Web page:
What is Mindfulness?
Over the past couple of years or so you may have noticed the word mindfulness getting a lot of attention. It’s the new buzzword, a thing we are all supposed be doing to enhance every aspect of our lives. But what does this concept actually mean? How can we teach ourselves to be mindful? And most importantly how can it improve our lives?
I wanted to investigate this concept. As a busy parent I figured maybe this could help me out. I seemed to always be focused on what I had to do in the next day or the next week, or I was dwelling on the past, situations I could have handled differently etc. I needed to be schooled in mindfulness!
A definition of mindfulness that made sense to me was the one from Psychology Today. It defined mindfulness as “a state of active, open attention on the present. When you’re mindful, you observe your thoughts and feelings from a distance, without judging them good or bad. Instead of letting your life pass you by, mindfulness means living in the moment and awakening to experience.” The opposite of mindfulness can be described as being inattentive, distracted, unfocused or not engaged.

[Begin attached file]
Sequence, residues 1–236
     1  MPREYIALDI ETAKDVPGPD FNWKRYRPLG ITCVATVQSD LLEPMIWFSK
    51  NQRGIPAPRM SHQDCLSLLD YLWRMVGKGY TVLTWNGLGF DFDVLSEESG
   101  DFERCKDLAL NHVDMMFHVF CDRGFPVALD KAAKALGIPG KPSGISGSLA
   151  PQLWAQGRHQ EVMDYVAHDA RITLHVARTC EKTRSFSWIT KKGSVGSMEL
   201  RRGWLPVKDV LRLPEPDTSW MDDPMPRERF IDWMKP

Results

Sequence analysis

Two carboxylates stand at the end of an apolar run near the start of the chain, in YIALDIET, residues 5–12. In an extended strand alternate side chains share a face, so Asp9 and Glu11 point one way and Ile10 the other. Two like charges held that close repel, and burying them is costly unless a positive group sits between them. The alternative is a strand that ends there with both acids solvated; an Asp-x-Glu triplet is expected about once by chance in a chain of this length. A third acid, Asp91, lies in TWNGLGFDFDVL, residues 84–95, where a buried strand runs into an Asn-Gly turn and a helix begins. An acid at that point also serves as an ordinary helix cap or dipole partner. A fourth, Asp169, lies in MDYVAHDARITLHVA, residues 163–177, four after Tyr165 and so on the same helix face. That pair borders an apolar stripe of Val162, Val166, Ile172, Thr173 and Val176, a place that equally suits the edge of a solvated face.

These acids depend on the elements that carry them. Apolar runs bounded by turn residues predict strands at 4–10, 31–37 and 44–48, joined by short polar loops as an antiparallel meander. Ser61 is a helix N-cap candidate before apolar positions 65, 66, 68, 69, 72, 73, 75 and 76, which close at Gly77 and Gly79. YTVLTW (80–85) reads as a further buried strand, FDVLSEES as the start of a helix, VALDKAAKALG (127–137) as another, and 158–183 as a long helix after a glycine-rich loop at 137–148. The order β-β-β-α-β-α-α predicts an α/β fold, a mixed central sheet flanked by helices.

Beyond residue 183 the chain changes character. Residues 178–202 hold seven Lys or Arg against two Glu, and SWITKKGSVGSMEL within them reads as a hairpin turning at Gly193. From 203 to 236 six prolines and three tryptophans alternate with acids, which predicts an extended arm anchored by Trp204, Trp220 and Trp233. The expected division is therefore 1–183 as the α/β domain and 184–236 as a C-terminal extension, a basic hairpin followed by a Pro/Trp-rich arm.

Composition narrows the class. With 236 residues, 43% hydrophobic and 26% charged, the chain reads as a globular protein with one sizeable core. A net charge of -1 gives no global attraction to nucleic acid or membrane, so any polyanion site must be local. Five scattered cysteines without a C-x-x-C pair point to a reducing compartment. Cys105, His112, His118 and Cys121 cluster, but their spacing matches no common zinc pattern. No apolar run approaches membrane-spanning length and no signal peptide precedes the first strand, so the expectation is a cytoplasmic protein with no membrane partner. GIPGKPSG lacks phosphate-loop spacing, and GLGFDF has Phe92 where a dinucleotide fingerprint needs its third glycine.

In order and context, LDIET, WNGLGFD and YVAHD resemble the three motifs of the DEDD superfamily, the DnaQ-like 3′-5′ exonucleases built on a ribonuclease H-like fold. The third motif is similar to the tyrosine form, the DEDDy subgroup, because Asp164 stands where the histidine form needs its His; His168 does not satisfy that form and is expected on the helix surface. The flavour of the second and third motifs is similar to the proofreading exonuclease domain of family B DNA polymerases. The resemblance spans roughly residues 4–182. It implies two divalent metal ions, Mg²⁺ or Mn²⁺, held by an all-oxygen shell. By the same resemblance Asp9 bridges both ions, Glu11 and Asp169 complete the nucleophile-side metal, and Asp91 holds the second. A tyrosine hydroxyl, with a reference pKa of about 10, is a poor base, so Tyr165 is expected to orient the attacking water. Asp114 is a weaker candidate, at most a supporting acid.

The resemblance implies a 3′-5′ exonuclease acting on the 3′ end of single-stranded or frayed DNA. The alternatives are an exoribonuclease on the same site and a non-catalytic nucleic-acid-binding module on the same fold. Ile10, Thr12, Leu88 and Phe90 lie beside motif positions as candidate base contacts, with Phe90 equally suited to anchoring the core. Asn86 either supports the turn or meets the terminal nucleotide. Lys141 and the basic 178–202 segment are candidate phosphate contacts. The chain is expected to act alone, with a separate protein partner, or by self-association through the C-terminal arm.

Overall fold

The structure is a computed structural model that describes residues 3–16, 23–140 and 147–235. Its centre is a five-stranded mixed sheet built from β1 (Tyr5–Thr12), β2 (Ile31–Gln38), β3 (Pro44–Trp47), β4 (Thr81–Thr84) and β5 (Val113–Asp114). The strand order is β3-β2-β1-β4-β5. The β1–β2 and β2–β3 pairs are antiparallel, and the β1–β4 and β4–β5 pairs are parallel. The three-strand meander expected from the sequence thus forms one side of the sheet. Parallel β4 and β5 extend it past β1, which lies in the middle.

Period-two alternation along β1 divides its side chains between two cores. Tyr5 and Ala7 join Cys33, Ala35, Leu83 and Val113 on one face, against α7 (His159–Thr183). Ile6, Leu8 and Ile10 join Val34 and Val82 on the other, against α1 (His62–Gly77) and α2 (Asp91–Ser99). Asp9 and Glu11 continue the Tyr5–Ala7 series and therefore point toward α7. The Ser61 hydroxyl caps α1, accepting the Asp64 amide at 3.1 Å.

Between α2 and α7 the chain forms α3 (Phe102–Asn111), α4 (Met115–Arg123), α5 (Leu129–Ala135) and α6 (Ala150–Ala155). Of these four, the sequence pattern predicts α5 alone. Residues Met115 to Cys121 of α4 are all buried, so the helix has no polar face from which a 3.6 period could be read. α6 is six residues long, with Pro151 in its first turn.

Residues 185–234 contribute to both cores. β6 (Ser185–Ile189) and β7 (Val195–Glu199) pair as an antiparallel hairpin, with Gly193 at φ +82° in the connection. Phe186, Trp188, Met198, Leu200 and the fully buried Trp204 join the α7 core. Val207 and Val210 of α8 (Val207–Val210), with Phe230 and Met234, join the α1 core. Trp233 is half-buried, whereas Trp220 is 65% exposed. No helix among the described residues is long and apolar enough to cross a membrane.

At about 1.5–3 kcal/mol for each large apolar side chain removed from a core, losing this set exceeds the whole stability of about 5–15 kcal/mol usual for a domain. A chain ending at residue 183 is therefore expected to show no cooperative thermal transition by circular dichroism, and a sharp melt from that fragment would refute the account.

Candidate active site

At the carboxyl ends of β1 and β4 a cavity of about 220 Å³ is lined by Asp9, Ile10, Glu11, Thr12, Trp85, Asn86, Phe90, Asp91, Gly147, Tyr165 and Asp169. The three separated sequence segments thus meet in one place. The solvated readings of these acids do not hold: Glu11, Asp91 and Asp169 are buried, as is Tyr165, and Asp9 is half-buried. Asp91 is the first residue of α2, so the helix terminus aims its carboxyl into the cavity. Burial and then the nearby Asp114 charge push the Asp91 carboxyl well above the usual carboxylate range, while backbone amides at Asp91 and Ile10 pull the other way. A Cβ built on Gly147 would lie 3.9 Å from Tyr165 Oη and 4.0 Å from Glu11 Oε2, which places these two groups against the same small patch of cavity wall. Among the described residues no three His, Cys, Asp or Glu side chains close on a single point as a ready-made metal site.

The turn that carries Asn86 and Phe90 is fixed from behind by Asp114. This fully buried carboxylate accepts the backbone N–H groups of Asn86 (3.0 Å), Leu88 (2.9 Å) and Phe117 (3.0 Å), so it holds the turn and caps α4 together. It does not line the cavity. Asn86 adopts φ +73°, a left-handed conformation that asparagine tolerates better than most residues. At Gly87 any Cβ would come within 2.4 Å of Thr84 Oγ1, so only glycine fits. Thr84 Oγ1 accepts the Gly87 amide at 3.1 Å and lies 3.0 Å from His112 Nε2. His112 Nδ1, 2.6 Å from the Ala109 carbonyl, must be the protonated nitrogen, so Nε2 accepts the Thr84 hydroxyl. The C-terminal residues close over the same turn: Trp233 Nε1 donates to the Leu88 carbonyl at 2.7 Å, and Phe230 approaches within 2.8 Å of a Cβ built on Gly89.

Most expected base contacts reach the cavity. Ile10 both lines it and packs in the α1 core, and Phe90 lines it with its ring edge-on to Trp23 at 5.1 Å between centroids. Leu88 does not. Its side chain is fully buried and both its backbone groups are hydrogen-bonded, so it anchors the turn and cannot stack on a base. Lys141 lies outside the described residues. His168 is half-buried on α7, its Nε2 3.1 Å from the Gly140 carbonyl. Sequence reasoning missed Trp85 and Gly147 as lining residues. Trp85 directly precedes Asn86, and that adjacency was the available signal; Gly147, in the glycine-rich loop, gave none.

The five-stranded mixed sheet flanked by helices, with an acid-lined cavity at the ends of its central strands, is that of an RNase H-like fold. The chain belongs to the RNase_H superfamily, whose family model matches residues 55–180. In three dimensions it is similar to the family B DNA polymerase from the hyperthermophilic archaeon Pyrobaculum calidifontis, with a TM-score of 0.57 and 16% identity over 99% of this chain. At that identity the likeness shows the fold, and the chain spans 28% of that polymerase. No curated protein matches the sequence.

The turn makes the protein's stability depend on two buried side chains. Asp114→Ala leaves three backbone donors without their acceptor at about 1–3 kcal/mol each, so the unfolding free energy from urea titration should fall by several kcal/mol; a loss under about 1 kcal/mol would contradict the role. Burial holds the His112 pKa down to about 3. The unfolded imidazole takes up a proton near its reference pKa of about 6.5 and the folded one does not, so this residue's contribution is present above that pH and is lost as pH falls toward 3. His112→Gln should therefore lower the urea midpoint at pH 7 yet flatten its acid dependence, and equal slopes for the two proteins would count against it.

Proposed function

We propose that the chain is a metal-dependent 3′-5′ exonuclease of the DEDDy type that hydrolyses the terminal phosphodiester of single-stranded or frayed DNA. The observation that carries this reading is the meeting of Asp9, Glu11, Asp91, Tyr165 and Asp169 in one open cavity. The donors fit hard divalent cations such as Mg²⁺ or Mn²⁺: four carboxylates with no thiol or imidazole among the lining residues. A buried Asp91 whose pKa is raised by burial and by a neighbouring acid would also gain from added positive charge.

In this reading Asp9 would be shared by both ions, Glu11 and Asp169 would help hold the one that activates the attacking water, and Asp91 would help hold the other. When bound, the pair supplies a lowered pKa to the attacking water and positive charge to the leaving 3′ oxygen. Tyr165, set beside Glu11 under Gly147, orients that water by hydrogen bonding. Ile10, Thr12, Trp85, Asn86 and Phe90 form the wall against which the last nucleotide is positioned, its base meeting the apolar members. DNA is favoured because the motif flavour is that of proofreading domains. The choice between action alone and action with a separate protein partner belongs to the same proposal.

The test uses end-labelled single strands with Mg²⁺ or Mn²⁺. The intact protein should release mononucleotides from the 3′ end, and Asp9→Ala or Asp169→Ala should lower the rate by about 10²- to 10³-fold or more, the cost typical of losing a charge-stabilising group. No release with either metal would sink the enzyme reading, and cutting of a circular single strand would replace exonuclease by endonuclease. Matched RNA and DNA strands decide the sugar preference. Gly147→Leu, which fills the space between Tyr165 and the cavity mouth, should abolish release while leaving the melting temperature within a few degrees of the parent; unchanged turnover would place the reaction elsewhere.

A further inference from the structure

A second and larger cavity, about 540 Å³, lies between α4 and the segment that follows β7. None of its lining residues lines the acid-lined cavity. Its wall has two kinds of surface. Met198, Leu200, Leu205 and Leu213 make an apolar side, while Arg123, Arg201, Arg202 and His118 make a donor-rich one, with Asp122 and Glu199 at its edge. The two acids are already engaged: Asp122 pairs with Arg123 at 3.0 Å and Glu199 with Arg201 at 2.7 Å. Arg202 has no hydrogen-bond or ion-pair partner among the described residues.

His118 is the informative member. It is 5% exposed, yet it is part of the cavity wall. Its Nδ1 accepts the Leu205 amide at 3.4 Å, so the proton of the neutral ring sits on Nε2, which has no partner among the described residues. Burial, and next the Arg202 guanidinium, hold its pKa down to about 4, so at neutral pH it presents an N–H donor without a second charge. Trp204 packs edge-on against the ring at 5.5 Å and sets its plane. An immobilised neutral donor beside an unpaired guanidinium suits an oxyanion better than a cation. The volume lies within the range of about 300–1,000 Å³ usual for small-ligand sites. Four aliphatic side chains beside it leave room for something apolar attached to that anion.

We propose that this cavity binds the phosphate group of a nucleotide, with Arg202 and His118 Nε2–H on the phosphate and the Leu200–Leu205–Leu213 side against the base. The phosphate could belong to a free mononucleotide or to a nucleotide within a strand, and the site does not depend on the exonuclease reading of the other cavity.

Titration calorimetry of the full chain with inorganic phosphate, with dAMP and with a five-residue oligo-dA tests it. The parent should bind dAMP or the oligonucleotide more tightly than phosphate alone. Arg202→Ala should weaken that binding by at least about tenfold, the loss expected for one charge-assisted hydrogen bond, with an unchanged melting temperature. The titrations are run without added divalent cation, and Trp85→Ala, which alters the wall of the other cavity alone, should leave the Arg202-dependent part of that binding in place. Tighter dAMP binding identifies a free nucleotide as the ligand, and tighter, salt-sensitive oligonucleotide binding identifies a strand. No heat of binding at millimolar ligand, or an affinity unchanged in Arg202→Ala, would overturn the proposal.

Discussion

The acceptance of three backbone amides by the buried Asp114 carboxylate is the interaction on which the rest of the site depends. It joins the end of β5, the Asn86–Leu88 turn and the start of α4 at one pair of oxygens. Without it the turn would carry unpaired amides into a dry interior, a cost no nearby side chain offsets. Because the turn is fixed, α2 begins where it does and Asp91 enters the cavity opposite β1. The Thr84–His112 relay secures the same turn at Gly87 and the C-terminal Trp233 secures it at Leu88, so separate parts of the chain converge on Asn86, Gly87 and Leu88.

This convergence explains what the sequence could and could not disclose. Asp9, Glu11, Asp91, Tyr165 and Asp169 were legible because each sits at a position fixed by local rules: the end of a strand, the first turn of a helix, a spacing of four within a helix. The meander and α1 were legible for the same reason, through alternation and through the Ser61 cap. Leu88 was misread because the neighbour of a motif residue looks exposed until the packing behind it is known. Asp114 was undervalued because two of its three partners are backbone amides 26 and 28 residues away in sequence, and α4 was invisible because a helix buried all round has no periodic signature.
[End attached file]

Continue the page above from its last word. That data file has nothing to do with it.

Let me give you some examples. Have you ever eaten something and before you know it you are staring at an empty bowl or wrapper? What about the times when you have driven somewhere, arrived at your destination but have had no memory of the actual drive? These are common actions of mindlessness. Think of it as going on “auto-pilot”. In our busy lives it’s easy to lose track of the moment. Many of us are constantly thinking about the many things we need to do or worrying about what it is we are not able to do. We are multitasking, our schedules are busting at the seam. It’s all very overwhelming, wouldn’t you agree?
You may be asking yourself “why is it so important for me to live in the actual moment?” Let me next talk a little about the importance and benefits of mindfulness that I learned about.
According to Harvard Medical School, mindfulness improves our overall well-being in the following ways: by allowing us to savor the pleasures of the moment, help us to deal with adverse events, make us less likely to get caught up in worries about the future or regrets over the past, and allows us to form deep connections with others. That all sounds pretty good!
If those aren’t enough benefits for you, mindfulness also improves mental health. Mindfulness meditation has been used to treat depression, substance abuse, eating disorders, anxiety, obsessive-compulsive disorders and has been used in couple’s therapy. It is thought that mindfulness works by helping people accept their experiences as opposed to avoiding or not dealing with them. Over recent years mindfulness meditation has been proven very effective when combined with psychotherapy, especially cognitive behavioral therapy.